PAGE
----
The contempt proceedings arose in the context of a road traffic accident, in which the first defendant was injured.  He brought a claim against the first claimant, who was the driver of the other car. The first claimant and his insurers counterclaimed for a declaration that the first defendant’s claim was “contaminated by ‘spectacular dishonesty’ in that he had set out to perpetrate a ‘manipulation of the civil justice system on a grand scale’”, and for his claim to be struck out as an abuse of the court’s process.  They also obtained permission to commence committal proceedings for contempt of court on the basis that the first defendant had grossly exaggerated the extent of his injuries and had falsely verified those injuries in his statement of claim, a schedule of loss and his witness statement, which each contained a statement of truth signed by him.

The first defendant’s witness statement painted the picture of a housebound recluse who was virtually immobile and who had to use a wheelchair to go any distance.  He also claimed to have developed a chronic fear of travelling and could no longer go caravanning.  However, video footage obtained from covert surveillance showed that he was always able to walk and at no time was he seen in a wheelchair.  The claimants were also able to rely on photos obtained from Facebook to show that the defendants had been on a caravanning holiday to Lake Garda after the accident; it transpired the first defendant had driven there and back, contrary to descriptions in his witness statement highlighting the good care he received by airport and airline staff in flying to Italy for the holiday.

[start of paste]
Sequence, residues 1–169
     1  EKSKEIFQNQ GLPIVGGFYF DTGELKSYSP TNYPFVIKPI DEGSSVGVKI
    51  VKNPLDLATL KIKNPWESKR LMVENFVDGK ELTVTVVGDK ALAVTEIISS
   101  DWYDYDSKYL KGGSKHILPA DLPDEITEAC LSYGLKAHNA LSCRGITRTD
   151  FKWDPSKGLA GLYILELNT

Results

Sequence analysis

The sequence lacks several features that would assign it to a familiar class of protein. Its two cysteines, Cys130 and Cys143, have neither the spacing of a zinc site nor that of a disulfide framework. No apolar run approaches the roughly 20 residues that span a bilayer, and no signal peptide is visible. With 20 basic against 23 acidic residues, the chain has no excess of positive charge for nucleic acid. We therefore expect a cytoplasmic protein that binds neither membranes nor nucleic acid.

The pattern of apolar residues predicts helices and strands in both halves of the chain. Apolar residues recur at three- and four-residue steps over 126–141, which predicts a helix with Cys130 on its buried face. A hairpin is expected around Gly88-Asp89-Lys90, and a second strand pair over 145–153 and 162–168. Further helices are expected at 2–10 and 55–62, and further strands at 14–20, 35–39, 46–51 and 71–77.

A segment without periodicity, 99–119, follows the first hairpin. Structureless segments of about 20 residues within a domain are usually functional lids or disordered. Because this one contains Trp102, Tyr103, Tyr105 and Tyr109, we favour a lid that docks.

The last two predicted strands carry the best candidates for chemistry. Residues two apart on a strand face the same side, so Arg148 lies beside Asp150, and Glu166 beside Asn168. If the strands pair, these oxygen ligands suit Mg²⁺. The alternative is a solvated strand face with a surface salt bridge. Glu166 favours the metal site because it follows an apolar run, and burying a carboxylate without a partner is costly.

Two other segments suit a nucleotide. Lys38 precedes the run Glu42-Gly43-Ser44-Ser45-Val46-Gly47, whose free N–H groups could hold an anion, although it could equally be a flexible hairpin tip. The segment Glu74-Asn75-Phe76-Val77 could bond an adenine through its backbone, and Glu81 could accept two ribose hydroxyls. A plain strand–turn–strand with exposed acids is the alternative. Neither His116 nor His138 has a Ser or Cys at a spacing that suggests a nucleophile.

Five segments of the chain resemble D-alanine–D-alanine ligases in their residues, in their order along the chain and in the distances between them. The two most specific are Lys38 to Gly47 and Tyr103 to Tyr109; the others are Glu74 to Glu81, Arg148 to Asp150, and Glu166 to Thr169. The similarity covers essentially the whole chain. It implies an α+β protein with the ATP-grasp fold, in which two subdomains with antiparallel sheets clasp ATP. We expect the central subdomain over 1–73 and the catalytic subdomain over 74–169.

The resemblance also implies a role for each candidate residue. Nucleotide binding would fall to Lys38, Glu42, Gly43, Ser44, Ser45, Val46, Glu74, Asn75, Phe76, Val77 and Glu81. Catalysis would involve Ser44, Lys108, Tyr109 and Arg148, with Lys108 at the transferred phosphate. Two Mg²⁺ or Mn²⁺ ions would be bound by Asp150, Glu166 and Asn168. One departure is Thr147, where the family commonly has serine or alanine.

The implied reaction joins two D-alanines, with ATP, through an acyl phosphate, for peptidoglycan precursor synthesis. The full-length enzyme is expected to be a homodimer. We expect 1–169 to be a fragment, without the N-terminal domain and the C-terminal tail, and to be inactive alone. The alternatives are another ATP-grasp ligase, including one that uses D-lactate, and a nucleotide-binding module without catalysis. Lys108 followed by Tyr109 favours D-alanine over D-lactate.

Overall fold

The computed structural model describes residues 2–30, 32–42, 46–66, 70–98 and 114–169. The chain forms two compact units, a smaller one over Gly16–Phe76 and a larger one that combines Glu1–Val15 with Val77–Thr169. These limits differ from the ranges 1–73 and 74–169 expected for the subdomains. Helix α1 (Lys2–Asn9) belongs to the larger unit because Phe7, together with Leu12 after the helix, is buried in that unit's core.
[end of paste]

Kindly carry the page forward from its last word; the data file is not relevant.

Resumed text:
The first defendant did not dispute that at least some of the facts that he verified as true were no longer true at the time that he signed his statement of truth.  He also acknowledged that he would have realised that they were false had he known what he was verifying.  However, he claimed that he had not read the documents, or at least not read them sufficiently, before signing them.

Despite some medical evidence suggesting that the first defendant was suffering from depression that may have led him to sign the documents without reading them, the Judge referred to annotations on the final draft of his witness statement, which showed that he must have read and understood the witness statement sufficiently before signing it and indeed had absorbed it sufficiently to correct it in places.  (As part of his defence to the contempt proceedings, the first defendant had alleged that his previous legal advisers had misunderstood or incorrectly drafted the witness statement on his behalf, which resulted in a successful application for additional disclosure following a waiver of legal professional privilege over the entire file held by his previous solicitors.)

Further, the first defendant had been specifically advised in writing by his solicitor that “Once you are happy with the statement, please can you initial at the bottom of each page and sign the statement of truth at the end to confirm that you have an honest belief in the contents of your statement.  I am obliged to advise that if this proves to be a false declaration, your credibility as a witness could be affected.  Your claim could be reduced or dismissed altogether, and you may also be found to be in contempt of court which is punishable by a fine or imprisonment.”

The first defendant was found guilty of contempt of court, pursuant to rule 32.14(1) of the Civil Procedure Rules (which provides for proceedings for contempt of court to be brought against a person if he makes, or causes to be made, a false statement in a document verified by a statement of truth without an honest belief in its truth).  The court noted that the defendant was not in a position to pay any fine imposed, but that this was not in itself a reason for imposing an immediate prison sentence.  However, in the circumstances the court deemed it appropriate to give the first defendant an immediate prison sentence of nine months (the maximum sentence is two years).  The Judge noted that whilst he did not intend to increase the sentence for deterrent purposes, it was his direct experience that fraudulent insurance claims of this kind were endemic and that those who are caught should expect to go to prison.